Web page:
How To Get Along - Introduction

Believe it or not, Jesus has a lot of things to say to those who claim to follow Him about how to get along.  In fact, the Sermon on the Mount (Matthew 5-7), considered by many to be the most profound spiritual teaching ever written, contains multiple references to how we are to handle conflict, whether we are to seek revenge, how we make promises to one another, and more. 

This past spring, I took the opportunity to audit a class offered by Fuller Seminary.  It was entitled, “One Body, Many Frustrations:  A Systems Approach to Conflict in Congregations.”  It was taught by Cameron Lee, a long time member of the faculty at Fuller, a licensed marriage and family therapist.  A “systems approach” is nothing more than a recognition that every group can begin to behave as a “system,” like a system in the body—the circulatory system, the respiratory system, etc.  In fact, when the apostle Paul refers to the church as the “body of Christ,” we can see that within the body are multiple systems.  Each of those systems behave in a certain way because of how they were created and designed, and they depend on one another (as Paul points out in I Corinthians 12).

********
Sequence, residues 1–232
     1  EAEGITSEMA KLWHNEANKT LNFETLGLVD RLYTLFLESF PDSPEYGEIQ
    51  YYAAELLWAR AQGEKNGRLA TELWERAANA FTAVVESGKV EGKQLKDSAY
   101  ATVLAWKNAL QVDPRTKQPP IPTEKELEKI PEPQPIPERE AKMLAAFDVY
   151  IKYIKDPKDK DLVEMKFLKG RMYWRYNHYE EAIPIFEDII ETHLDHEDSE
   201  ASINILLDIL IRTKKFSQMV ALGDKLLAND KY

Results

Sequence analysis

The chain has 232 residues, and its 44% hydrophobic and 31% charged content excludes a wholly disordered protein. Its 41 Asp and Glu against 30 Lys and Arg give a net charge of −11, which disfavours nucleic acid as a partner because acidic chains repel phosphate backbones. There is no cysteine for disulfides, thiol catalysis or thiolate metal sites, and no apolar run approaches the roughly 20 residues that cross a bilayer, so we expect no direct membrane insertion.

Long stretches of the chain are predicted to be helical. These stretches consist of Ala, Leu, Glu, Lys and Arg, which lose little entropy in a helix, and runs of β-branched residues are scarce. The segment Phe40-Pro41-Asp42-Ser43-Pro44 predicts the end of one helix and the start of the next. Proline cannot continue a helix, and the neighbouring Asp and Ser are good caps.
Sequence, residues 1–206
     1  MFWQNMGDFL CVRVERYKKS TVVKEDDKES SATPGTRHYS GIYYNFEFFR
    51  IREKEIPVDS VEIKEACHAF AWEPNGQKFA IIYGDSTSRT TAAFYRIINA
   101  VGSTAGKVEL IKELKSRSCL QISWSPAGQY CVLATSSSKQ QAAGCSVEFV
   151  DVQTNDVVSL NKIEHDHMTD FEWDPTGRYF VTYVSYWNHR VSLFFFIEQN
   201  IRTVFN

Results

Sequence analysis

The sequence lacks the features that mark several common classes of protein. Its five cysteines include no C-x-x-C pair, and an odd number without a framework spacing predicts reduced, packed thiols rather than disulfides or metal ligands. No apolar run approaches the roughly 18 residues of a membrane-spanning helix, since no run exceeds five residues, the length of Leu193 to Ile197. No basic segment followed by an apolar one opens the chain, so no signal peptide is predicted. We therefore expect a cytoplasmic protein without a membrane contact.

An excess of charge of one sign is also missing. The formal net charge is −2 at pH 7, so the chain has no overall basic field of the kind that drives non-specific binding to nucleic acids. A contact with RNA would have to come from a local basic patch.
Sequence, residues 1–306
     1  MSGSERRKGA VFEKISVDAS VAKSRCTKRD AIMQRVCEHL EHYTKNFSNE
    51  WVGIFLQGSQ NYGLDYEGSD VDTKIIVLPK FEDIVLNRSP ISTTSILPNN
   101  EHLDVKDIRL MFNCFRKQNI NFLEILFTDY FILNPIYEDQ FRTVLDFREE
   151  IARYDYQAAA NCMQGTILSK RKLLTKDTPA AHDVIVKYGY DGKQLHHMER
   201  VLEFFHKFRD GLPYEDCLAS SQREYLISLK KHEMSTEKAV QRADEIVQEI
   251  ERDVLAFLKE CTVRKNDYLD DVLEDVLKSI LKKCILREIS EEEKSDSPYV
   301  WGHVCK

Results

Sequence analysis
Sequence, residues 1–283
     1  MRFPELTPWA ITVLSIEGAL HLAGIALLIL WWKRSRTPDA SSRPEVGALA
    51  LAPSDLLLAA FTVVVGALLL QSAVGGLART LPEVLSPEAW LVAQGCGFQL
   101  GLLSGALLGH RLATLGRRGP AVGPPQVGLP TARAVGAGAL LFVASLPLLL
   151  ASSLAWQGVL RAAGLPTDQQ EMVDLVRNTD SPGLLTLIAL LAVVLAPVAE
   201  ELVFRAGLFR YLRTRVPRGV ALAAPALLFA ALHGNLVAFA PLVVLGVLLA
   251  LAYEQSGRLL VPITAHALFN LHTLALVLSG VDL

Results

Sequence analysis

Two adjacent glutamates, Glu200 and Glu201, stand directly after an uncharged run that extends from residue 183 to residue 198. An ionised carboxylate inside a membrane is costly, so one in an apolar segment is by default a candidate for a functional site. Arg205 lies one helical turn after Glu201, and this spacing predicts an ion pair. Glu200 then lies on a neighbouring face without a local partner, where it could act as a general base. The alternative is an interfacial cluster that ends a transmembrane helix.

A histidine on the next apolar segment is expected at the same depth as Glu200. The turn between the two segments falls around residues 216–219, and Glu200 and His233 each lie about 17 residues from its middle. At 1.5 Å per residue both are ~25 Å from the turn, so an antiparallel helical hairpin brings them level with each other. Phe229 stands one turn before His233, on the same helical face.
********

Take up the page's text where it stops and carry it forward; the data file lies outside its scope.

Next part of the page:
In a community of people like the church, those systems, Professor Lee taught us, were created by shared stories, feelings and memories that go with those stories, and the rules, structures, and policies that came out of those stories and feelings, and so on.  Conflict naturally comes when new decisions, or people unfamiliar with the history and rules, come into relationship with the existing systems.  Because we are always changing, reforming as a church, conflict is inevitable.  So, how do we get along with one another when conflict comes?

Over the next six weeks, we’re going to look at just a few of Jesus’ sayings in the gospel of Matthew, and Paul’s words to the church in Ephesus.  In the guide below, I hope to ask each week some questions for reflection for us as individuals.  And, that families with kids could ask these in their homes, perhaps around the dinner table.  Finally, those at work could imagine how these teachings might play out in the workplace.  Feel free to adapt any of these as you wish.  My hope is that we might be changed by the word of God in these passages, through the conviction and comfort of the Holy Spirit.  And we might learn how to get along in the way of Jesus.

David Burke